There is a widespread but erroneous belief that Leung appointed six members to the council.

The fact is he appointed only two – Arthur Li Kwok-cheung and Leonie Ki Man-fung.

The remaining four were appointed by his predecessor, Donald Tsang Yam-kuen.

Did Leung instruct Li and Ki to vote against Chan’s appointment?

Does he have any influence over the four council members appointed by Tsang?

Would the four have followed his order to oppose Chan?

No one knows for sure, but those who make the claim that he interfered have the responsibility to provide proof.

Of the 20 members who voted, the 12 who opposed Chan are seen as pro-establishment, and the eight who supported him are seen as pro-democracy.

It is highly presumptuous and one-sided to claim that the 12 pro-establishment members who opposed Chan did so for purely political reasons on the orders of Beijing but the eight who supported him did so not for political reasons but purely because they believed he was the best person for the job.

The truth is that both sides are playing politics.

The whole issue has become a political tug-of-war.

Anyone who doesn’t admit this is a hypocrite.

How can anyone deny that politics are involved when the clear fact is that all those who support Chan are from the democracy camp and all those who oppose him are from the pro-establishment camp?

Hongkongers need to face the truth that politics is involved instead of so readily believing that academic freedom is at risk.

Politics entered the tug-of-war over whether Chan should be appointed pro vice chancellor when it became known that he had a part in handling HK$1.45 million (US$190,000) given to Occupy Central co-organizer Benny Tai Yiu-ting by an anonymous donor to partly finance the Umbrella movement.

The democracy camp fully supported the Umbrella movement to fight for so-called genuine democracy, but the Hong Kong and central governments and the pro-establishment camp fiercely opposed it.

Opinion polls showed that just under half of Hong Kong supported Occupy Central and just over half did not.

The left-wing media began a campaign against Chan, claiming he was unsuitable as pro vice chancellor because he had supported Occupy Central and had mishandled the anonymous donation to Tai.

The democracy camp, led by Apple Daily, struck back by accusing Leung and the central government of interfering in academic freedom and the council’s vote on HKU’s selection committee’s recommendation that Chan be appointed pro vice chancellor.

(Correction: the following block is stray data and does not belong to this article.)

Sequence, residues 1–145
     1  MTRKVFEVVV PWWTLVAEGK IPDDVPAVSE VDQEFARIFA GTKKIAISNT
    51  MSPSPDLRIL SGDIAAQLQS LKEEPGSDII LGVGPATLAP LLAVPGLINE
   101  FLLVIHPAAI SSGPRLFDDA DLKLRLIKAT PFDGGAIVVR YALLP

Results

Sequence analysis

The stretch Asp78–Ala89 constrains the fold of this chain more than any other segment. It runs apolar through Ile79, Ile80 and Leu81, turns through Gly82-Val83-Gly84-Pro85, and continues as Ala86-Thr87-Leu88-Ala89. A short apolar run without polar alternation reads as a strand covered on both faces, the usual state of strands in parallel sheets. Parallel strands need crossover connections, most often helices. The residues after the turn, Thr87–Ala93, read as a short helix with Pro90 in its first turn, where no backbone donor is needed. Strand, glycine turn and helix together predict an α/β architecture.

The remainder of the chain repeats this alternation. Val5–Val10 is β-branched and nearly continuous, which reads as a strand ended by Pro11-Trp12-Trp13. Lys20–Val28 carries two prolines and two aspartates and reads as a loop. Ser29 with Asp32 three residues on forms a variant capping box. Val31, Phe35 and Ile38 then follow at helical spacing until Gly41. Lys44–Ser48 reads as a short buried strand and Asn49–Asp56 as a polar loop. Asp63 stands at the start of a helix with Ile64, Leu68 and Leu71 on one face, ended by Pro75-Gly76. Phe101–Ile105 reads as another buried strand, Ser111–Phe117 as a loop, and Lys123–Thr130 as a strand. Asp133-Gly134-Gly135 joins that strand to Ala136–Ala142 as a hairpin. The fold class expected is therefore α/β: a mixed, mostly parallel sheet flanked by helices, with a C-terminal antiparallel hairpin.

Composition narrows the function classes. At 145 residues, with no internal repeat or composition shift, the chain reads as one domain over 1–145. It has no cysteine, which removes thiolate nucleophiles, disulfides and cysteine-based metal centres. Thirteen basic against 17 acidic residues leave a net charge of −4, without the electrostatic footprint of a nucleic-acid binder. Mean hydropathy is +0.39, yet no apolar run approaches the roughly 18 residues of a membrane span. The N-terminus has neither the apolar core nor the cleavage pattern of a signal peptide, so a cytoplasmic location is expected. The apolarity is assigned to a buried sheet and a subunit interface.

Which side brought politics into the matter first?

Is it democracy camp members at HKU, such as Tai, Chan and the students who supported Occupy Central, or the left-wing media that said Chan was not suitable as pro vice chancellor because of his support of Occupy Central and his mishandling of an anonymous donation to partly finance the movement?

Each side is blaming the other for politicizing the matter.

It is up to each one of us to decide for ourselves who is to blame.

We also have to decide for ourselves whether the 12 council members who voted against Chan did so under orders from Beijing or whether they genuinely believed he was not suitable for the job because of his involvement in Occupy Central.

We have to decide for ourselves if the eight who supported Chan did so because they genuinely believed he was suitable for the job or if they did so because he belongs to the democracy camp.

Leung’s recent appointment of five new members to the Lingnan University council has sparked a new political controversy, because two of the five had openly opposed Occupy Central.

The democracy camp and Lingnan University students have criticized the appointments with the argument that the two are not suitable as council members and will threaten academic freedom because of their opposition to Occupy Central.

It is up to each one of us to decide if only supporters of Occupy Central should have the right to become council members of universities and only Occupy Central supporters are capable of upholding academic freedom.

We should ask ourselves whether academic freedom is also under threat if university councils consist only of Occupy Central supporters.

Isn’t academic freedom similarly threatened if opponents of Occupy Central are vilified and not given the freedom to think, teach and study the way they want?

The tug-of-war over Chan is not really about academic freedom.

It is in fact a proxy war between the democracy camp and Beijing.

It is a continuation of the Occupy uprising.

This article appeared in Chinese in the November 2015 issue of Hong Kong Economic Journal Monthly.

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A Hong Kong-born American citizen who has worked for many years as a journalist in Hong Kong, the USA and London.